People stand on a boat as a woman looks towards camera and points, giving a lecture to the people

Since last summer, a diverse cohort of graduate students and early- to mid-career researchers and professionals from across New Hampshire have gathered for CoastWise – a year-long, cohort-based immersion program for individuals working on coastal resilience and marine resource management issues in the state. Now, applications for the 2022-2023 cohort of CoastWise are open (until April 30)! 

Through a series of in-person and remote workshops, the 2021-2022 participants learned from experts and each other about coastal issues, built a repertoire of skills, networked with peers and partners, and gained first-hand knowledge of stakeholders and communities across the state. 

In August of 2021, the inaugural CoastWise cohort of seventeen people spent two nights at the Shoals Marine Laboratory on Appledore Island, six miles off the coast of New Hampshire. There, they examined the challenges of coastal and island living and the ways that climate change will impact vulnerable communities. The workshop on Appledore also solidified the cohort as a group and a network – encouraging participants to explore their own separate networks and the ways to use them to complement the new connections they were making while in the program. 

“One of the things that we’ve heard from participants so far is just how much they appreciate the time and space to build their networks and explore new partnerships outside of the day-to-day requirements of work or school,” said Lindsey Williams, Ph.D., co-leader of CoastWise. “I’ve enjoyed seeing new connections emerge and hearing the group members connect with each other for career advice and project brainstorming.”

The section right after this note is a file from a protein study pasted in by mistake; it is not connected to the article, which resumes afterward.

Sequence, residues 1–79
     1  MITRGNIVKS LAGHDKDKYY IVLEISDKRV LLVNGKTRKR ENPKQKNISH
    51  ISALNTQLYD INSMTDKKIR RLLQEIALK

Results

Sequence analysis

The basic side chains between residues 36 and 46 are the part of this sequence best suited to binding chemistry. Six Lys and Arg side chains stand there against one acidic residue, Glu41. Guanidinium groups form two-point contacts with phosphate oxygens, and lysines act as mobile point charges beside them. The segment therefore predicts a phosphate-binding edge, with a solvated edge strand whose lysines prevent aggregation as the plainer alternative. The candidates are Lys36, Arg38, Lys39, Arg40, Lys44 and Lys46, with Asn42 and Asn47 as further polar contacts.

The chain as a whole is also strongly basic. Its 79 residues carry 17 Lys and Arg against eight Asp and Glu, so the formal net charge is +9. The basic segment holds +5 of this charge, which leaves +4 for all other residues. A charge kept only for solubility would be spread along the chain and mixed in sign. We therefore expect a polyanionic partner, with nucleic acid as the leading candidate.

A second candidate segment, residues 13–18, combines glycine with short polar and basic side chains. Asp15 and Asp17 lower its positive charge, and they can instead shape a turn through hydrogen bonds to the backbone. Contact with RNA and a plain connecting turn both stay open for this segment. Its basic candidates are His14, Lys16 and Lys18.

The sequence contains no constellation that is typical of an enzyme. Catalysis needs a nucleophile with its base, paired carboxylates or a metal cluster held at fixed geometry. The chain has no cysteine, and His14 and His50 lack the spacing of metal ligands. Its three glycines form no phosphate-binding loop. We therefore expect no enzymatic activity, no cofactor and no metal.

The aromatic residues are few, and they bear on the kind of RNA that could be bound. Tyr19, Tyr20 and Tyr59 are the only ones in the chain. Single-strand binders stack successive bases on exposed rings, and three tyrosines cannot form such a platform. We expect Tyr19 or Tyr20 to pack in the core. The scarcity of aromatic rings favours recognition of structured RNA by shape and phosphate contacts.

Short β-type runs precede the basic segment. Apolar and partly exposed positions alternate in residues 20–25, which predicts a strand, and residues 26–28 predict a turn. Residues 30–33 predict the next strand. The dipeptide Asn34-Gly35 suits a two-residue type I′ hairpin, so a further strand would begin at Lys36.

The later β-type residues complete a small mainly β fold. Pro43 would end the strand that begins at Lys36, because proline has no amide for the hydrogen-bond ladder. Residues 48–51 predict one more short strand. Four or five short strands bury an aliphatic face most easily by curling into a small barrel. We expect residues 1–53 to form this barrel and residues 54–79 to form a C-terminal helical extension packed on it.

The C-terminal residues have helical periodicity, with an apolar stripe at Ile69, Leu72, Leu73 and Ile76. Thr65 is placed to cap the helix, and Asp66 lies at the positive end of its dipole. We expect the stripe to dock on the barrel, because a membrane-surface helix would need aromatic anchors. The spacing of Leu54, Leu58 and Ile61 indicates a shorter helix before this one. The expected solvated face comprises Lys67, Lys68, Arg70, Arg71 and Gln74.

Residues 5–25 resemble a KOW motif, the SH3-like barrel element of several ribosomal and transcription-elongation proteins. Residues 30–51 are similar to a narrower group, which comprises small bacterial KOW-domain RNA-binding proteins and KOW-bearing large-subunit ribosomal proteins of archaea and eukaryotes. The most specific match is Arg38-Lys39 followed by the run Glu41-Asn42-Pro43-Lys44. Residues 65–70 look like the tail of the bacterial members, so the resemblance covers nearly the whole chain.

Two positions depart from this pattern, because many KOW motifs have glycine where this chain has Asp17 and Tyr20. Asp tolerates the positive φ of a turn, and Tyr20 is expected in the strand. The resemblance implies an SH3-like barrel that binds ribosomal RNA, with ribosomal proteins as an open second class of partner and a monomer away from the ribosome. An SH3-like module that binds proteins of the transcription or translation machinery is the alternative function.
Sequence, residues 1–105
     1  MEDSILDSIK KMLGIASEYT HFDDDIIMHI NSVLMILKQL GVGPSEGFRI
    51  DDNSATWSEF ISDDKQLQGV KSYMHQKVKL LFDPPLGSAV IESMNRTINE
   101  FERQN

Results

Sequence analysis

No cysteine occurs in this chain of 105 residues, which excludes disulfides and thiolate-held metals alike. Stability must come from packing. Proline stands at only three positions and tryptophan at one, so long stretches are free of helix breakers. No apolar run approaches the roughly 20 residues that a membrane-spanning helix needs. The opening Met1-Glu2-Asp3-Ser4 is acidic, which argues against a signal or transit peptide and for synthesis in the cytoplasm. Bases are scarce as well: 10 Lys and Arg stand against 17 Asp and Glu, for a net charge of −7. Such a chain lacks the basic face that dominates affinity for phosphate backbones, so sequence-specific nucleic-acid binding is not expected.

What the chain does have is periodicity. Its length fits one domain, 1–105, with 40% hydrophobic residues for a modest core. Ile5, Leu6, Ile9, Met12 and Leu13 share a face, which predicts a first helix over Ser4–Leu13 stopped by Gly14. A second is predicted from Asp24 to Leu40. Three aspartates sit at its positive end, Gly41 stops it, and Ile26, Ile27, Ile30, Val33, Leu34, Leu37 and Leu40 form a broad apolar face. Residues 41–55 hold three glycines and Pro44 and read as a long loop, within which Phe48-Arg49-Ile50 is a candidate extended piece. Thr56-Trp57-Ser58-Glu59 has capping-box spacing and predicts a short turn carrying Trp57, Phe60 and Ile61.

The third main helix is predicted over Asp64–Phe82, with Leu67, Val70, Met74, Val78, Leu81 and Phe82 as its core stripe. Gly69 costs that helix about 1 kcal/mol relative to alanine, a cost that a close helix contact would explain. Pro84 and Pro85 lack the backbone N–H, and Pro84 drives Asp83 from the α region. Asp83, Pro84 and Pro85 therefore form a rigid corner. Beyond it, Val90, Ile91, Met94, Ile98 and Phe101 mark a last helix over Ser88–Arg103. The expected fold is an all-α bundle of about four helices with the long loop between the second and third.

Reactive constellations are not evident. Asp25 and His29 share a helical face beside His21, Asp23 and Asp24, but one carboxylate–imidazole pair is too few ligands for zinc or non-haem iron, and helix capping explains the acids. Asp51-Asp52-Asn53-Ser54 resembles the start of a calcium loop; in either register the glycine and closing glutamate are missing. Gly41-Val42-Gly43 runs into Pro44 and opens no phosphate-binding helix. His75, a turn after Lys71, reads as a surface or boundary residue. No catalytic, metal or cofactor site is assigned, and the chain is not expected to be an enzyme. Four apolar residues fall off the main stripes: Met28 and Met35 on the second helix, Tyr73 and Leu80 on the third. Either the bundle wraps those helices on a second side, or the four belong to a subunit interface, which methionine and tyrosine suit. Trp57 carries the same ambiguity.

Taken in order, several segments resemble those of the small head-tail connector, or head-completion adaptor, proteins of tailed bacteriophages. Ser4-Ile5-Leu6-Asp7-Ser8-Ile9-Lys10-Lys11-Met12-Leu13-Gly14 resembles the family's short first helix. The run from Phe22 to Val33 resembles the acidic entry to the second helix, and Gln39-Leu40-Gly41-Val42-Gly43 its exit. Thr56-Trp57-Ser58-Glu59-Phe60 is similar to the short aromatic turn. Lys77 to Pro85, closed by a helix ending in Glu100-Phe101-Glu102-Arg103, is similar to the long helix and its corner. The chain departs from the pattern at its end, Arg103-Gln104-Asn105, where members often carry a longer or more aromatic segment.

Three people in warm winter clothes stand on the bank of a river holding papers in their hands

Throughout the winter, the cohort stayed in touch virtually, attending seminars and viewing documentaries about environmental issues, culminating in a second in-person workshop in Concord, New Hampshire in March. There, the cohort visited the Army Corps of Engineers and learned about their network of dams around the watershed built for flood prevention, including a visit to the Hopkinton Dam at the Hopkinton-Everett Reservoir. 

Lynn Vaccaro, a member of the first CoastWise cohort and Coastal Training Program Coordinator at Great Bay National Estuarine Reserve (GBNERR) was a newcomer to New Hampshire in 2021 when starting her position with GBNERR. CoastWise helped her get a footing in the professional community and the local environment.  

“I have learned a ton about New Hampshire history and natural resource policies through CoastWise,” Vaccaro said. “I'm not sure when I would have learned that history [otherwise], it is really valuable context for my work.” 

Reflecting on the origin of the program and the benefits it is already having, CoastWise co-leader Lisa Wise shared, “We have heard that there are many people working on coastal and ocean resource management and science who have moved into new roles here in the state over the last year. We are excited that CoastWise can be part of helping build stronger networks across a whole range of different professional settings.” 

In their March retreat, the cohort also met with the Society for the Protection of New Hampshire Forests at their Merrimack River Outdoor Education and Conservation Area, a floodplain landscape abutting the Merrimack River. This particular watershed was fresh in their minds from viewing the documentary River At Risk, cementing the connection between inland forests and rivers and the downstream coastal communities and estuaries.  

While the first cohort may be wrapping up their term, their network will continue to diversify and grow as the next group comes on board. “In addition to the Steering Committee and all our great trainers and guests, our second cohort will have another new network that they can connect with – this year’s participants!” said Wise. 

To sign up for email updates about the CoastWise program, including notification when the application period opens each spring, click here:


A group of people in warm winter clothes stand in a snowy forest in front of a sign while a man talks to them

CoastWise participants take a walk with staff from the Society for the Protection of New Hampshire Forests in Concord, NH.

Article photos by Tim Briggs for NH Sea Grant.


Science Communication Specialist
Office: NH Sea Grant, New England Center 214A, 15 Strafford Ave, Durham, NH 03824